Finance Commissioner Says Government Is Up To Date With GERS After $38M Payment
[wpedon id=”23995″ align=”left”]
CHARLOTTE AMALIE – In accordance with the proposal submitted in March 2018 to the Government Employees Retirement System (GERS) and the United States District Court for the Virgin Islands, Commissioner of Finance Valdamier Collens, said to all government employees that the Department of Finance has remitted payment of all outstanding contributions and withholdings to GERS, totaling approximately $38 million, including interest and fees.
But still larger payments are owed to the territory’s public pension fund, according to GERS Administrator Austin Nibbs.
“The GVI has paid the deliquent employees contributions, employer contributions, and loan deductions and related interest due to the GERS through December 2017,” Nibbs said.
Collens explained the disputed GERS numbers.
The repayment of the outstanding contributions and withholdings is unrelated to the issue of the Actuarially Determined Employer Contribution (ADEC). Unfortunately, the ADEC has not been appropriated in any government budget for over 20 years. In fact, the Government of the U.S. Virgin Islands and GERS are disputing whether the ADEC was part of the 1984 Consent Judgment that required the payment of employee and employer contributions. Although the issue is currently pending before the District Court, the parties will submit legal briefs on the issue by Friday, July 13, 2018 in preparation for a court hearing scheduled for Friday, August 24, 2018.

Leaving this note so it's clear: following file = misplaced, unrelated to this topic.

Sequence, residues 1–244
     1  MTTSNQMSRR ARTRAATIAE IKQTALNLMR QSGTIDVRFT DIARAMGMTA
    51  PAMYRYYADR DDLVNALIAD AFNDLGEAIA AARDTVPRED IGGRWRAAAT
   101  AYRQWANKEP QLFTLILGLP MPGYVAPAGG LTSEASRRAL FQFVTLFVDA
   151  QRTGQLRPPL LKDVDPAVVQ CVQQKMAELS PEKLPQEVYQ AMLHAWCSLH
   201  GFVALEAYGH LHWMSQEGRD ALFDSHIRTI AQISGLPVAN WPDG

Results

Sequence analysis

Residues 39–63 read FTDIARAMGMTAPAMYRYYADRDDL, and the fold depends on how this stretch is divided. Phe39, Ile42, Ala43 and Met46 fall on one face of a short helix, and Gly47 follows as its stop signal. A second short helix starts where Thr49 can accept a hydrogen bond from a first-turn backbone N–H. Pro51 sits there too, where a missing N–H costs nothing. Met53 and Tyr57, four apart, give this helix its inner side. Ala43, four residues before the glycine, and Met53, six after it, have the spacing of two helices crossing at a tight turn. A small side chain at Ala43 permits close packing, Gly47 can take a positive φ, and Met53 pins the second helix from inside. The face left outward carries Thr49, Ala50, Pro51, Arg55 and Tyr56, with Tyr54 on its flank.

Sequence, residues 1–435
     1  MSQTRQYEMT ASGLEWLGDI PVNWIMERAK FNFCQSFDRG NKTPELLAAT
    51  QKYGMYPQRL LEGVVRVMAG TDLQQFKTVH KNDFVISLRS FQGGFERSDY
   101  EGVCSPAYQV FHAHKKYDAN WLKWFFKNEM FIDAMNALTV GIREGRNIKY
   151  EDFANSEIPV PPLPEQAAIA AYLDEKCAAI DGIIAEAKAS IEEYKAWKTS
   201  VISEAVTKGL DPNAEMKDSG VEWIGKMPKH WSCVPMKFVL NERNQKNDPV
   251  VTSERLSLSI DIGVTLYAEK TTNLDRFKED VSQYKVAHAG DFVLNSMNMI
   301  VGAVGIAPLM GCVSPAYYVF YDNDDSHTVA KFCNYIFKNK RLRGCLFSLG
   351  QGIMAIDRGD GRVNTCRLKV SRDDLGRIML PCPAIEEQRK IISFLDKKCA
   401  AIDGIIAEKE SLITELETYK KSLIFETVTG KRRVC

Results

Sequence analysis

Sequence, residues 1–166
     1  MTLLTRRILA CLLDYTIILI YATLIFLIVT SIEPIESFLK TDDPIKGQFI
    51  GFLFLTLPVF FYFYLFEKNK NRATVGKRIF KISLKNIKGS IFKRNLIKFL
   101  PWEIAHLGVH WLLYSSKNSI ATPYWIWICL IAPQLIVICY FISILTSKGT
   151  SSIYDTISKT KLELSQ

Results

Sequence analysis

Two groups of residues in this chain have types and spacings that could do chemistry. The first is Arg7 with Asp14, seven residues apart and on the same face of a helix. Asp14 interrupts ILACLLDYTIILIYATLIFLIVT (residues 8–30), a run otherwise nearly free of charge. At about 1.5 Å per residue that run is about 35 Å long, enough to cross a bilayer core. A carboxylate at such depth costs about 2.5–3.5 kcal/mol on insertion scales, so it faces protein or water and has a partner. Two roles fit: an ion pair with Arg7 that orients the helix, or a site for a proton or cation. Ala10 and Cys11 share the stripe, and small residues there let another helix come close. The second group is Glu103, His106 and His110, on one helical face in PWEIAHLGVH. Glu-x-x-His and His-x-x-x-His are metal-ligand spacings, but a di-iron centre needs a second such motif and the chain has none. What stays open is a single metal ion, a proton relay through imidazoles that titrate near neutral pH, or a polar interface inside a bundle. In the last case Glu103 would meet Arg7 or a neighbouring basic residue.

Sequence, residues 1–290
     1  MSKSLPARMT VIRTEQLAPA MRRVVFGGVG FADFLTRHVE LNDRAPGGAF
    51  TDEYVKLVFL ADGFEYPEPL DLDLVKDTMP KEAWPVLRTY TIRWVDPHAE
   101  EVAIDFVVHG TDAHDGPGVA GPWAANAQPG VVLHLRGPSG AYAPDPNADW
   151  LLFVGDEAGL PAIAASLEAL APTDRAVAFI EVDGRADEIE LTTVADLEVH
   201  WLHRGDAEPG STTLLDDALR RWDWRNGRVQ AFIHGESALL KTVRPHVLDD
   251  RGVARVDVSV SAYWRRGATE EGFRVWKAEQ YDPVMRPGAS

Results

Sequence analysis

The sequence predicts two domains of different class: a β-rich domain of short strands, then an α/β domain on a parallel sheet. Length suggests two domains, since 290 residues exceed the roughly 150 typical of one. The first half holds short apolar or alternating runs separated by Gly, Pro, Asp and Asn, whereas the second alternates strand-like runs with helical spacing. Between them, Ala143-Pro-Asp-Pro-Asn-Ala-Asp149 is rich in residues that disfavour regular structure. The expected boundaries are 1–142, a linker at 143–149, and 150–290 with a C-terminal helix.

The government’s repayment of all outstanding contributions to the GERS follows the recent announcement by Governor Kenneth Mapp that the U.S. Virgin Islands has entered into a $1.4 billion agreement with the owners of Limetree Bay Terminals to reopen one of the world’s largest refineries, create hundreds of jobs in the territory and shore up the solvency of the Government Employees Retirement System. It is estimated that the deal may contribute more than $380 million for the GERS over the next 10 years, which will help stabilize its finances and extend its life by an additional five years, providing the time necessary to find a permanent solution to restore GERS to solvency.
Separately, as part of the FY 2019 proposed budget, the governor also submitted a bill to the Senate to increase the government’s contribution to GERS over the next three years as well as increase the contribution of its members whose salaries are higher than $65,000 per year.